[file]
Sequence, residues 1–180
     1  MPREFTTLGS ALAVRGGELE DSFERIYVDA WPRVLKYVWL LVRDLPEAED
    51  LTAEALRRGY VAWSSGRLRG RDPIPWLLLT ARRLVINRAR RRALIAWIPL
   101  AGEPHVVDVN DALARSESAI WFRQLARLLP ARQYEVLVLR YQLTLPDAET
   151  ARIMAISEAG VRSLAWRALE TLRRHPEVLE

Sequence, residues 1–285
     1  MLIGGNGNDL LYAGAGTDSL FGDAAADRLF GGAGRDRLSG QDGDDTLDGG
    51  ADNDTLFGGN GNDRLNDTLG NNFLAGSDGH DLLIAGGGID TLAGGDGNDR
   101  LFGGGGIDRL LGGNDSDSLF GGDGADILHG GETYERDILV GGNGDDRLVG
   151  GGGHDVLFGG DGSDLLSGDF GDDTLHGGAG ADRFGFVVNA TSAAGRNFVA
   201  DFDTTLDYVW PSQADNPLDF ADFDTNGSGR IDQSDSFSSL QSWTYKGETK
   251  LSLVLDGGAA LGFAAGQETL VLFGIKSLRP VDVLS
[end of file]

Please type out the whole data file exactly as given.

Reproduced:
Sequence, residues 1–180
     1  MPREFTTLGS ALAVRGGELE DSFERIYVDA WPRVLKYVWL LVRDLPEAED
    51  LTAEALRRGY VAWSSGRLRG RDPIPWLLLT ARRLVINRAR RRALIAWIPL
   101  AGEPHVVDVN DALARSESAI WFRQLARLLP ARQYEVLVLR YQLTLPDAET
   151  ARIMAISEAG VRSLAWRALE TLRRHPEVLE

Sequence, residues 1–285
     1  MLIGGNGNDL LYAGAGTDSL FGDAAADRLF GGAGRDRLSG QDGDDTLDGG
    51  ADNDTLFGGN GNDRLNDTLG NNFLAGSDGH DLLIAGGGID TLAGGDGNDR
   101  LFGGGGIDRL LGGNDSDSLF GGDGADILHG GETYERDILV GGNGDDRLVG
   151  GGGHDVLFGG DGSDLLSGDF GDDTLHGGAG ADRFGFVVNA TSAAGRNFVA
   201  DFDTTLDYVW PSQADNPLDF ADFDTNGSGR IDQSDSFSSL QSWTYKGETK
   251  LSLVLDGGAA LGFAAGQETL VLFGIKSLRP VDVLS